, as a result of its superior heat dissipation capacity to aluminium.
Bacteria will not grow on a copper surface because it is biostatic. Copper doorknobs
are used by hospitals to reduce the transfer of disease, and Legionnaire’s Disease is suppressed by copper tubing in air-conditioning systems.
Copper, as native copper, is one of the few metals to naturally occur as an uncompounded mineral. Copper was known to some of the oldest civilizations on record, and has a history of use that is at least 10,000 years old. A copper pendant was found in what is now northern Iraq that dates to 8700 BC. By 5000 BC, there are signs of copper smelting, the refining of copper from simple copper compounds such as malachite or azurite. Among archaeological sites in Anatolia, Catal Hoyuk (~6000 BC) features native copper artifacts and smelted lead beads, but no smelted copper. But Can Hasan (~5000 BCE) had access to smelted copper; this site has yielded the oldest known cast copper artifact, a copper mace head.
Copper smelting appears to have been developed independently in several parts of the world. In addition to its development in Anatolia by 5000 BCE, it was developed in China before 2800 BCE, in the Andes around 2000 BCE, in Central America around 600 AD, and in West Africa around 900 AD. Copper is found extensively in the Indus Valley Civilization by the 3rd millennium BC. In Europe, Otzi the Iceman, a well-preserved male dated to 3200 BC, was found with a copper-tipped axe whose metal was 99.7% pure. High levels of arsenic in his hair suggest he was involved in copper smelting. There are copper and bronze artifacts from Sumerian cities that date to 3000 BC, and Egyptian artifacts of copper and copper-tin alloys nearly as old. In one pyramid, a copper plumbing system was found that is 5000 years old. The Egyptians found that adding a small amount of tin made the metal easier to cast, so bronze alloys were found in Egypt almost as soon as copper was found. In the Americas production in the Old Copper Complex, located in present day Michigan and Wisconsin, was dated back to between 6000 to 3000 BC.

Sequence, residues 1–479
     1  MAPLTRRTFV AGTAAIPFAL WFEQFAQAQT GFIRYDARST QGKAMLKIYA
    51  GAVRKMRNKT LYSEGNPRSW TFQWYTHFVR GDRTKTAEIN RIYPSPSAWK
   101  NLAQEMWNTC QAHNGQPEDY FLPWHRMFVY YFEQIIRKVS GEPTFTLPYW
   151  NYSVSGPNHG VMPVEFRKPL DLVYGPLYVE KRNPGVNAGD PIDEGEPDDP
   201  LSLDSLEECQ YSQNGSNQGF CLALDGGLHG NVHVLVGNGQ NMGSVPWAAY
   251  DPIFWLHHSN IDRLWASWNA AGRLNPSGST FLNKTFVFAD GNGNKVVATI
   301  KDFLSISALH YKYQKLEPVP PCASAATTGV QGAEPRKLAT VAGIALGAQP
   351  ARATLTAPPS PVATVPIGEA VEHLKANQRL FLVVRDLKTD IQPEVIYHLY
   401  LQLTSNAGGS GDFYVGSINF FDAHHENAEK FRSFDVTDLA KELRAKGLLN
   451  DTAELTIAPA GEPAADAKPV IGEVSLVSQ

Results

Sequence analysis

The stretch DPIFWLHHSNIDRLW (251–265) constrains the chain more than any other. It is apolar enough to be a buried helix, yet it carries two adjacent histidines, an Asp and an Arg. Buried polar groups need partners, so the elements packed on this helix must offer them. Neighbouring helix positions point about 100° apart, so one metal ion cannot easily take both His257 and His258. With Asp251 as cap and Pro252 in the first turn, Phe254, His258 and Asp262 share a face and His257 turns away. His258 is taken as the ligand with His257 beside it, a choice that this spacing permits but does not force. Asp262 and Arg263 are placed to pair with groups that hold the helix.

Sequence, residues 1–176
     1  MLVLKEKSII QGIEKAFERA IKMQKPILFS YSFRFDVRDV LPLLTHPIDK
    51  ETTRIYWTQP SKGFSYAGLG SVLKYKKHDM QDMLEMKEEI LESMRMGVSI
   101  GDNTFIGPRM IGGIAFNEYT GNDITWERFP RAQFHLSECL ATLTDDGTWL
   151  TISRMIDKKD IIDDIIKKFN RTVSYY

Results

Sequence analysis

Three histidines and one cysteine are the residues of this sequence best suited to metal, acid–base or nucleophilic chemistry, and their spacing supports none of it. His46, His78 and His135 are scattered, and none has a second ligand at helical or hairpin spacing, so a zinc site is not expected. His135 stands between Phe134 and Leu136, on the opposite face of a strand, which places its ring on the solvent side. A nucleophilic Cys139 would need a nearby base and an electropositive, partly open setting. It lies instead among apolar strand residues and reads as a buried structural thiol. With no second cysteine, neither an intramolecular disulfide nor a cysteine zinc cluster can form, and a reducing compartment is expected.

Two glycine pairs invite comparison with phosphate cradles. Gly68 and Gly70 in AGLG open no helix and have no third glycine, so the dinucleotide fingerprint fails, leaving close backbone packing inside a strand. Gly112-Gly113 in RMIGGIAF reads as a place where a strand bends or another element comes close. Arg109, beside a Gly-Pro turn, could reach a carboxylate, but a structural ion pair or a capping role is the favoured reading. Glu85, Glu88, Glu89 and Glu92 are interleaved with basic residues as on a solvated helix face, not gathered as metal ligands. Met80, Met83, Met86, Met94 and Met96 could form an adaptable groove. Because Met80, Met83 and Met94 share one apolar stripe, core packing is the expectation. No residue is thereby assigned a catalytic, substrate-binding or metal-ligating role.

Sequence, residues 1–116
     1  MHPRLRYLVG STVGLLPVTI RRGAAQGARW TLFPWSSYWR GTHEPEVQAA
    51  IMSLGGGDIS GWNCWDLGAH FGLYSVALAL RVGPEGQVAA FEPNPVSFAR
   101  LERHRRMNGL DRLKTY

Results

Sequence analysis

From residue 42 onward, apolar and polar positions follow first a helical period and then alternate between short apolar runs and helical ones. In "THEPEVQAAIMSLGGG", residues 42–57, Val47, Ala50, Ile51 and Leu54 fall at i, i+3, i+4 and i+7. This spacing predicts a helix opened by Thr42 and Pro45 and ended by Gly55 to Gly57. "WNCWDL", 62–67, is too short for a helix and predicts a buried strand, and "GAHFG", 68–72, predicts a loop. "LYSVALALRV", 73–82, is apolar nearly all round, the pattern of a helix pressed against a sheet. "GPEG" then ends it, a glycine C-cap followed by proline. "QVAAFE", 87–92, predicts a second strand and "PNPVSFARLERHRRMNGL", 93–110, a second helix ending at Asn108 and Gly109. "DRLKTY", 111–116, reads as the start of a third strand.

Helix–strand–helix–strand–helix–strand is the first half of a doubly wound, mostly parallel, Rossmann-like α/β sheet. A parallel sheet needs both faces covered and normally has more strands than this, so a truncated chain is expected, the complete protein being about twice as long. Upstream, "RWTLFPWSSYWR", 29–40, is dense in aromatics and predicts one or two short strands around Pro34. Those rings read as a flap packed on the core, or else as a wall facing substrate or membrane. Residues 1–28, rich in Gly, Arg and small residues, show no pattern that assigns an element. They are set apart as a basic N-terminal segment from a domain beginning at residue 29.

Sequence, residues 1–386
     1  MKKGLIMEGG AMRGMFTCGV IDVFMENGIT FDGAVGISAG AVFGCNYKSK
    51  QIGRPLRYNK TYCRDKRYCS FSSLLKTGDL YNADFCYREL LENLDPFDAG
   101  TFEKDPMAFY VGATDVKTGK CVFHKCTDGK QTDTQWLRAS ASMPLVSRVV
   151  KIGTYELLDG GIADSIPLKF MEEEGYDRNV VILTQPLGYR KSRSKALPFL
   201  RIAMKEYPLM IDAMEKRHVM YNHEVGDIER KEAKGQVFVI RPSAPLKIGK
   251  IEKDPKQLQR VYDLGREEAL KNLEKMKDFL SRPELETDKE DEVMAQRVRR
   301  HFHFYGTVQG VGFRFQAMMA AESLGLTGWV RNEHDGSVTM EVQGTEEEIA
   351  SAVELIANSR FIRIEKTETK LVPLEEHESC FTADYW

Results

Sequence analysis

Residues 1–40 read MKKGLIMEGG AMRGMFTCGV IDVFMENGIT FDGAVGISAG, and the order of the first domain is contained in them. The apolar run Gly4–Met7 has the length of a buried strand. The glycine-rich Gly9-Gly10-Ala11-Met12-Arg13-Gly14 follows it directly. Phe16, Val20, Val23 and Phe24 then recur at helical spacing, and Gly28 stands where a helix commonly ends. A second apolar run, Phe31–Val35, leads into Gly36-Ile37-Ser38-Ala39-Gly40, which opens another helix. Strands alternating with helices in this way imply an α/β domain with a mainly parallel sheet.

The use of bronze became so pervasive in a certain era of civilization that it has been named the Bronze Age. The transitional period in certain regions between the preceding Neolithic period and the Bronze Age is termed the Chalcolithic (“copper-stone”), with some high-purity copper tools being used alongside stone tools. Brass was known to the Greeks, but only became a significant supplement to bronze during the Roman empire.
In Greek the metal was known by the name chalkos. Copper was a very important resource for the Romans, Greeks and other ancient peoples. In Roman times, it became known as aes Cyprium (aes being the generic Latin term for copper alloys such as bronze and other metals, and Cyprium because so much of it was mined in Cyprus). From this, the phrase was simplified to cuprum and then eventually Anglicized into the English copper. Copper was associated with the goddess Aphrodite/Venus in mythology and alchemy, owing to its lustrous beauty, its ancient use in producing mirrors, and its association with Cyprus, which was sacred to the goddess. In alchemy the symbol for copper was also the symbol for the planet Venus.
Copper is essential in all higher plants and animals. Copper is carried mostly in the bloodstream on a plasma protein called ceruloplasmin. When copper is first absorbed in the gut it is transported to the liver bound to albumin. Copper is found in a variety of enzymes.
Copper is a very interesting element. It is one of the transition elements that actually uses electrons from one of the inner orbitals in chemical reactions. In addition, it has more than one oxidation state. Like many of the transition elements, copper has a coloured ion. Copper typically forms a bluish green solution. Copper (Cu) has two valences Cu I (cuprous) has one valence electron and Cu II (cupric) has two valence electrons. Copper was one of the earliest known metals, having reportedly been mined for over 5000 years. In nature it has two isotopes, 63 (69.09%), which has 29 electrons and protons and 34 neutrons, and 65 (30.91%), which has 29 electrons and protons and 36 neutrons. Brass and bronze are alloys of copper.
When powdered, the metal is a fire hazard (may react explosively with strong oxidizing agents), it may also cause respiratory irritation. All copper compounds are toxic. Thirty grams of copper sulfate is potentially lethal in humans.
Bismuth strontium calcium copper oxide Bi2Sr2CanCun+1O2n+6
A family of high-temperature superconductors and also the first high-temperature superconductors to be discovered which did not contain a rare earth element.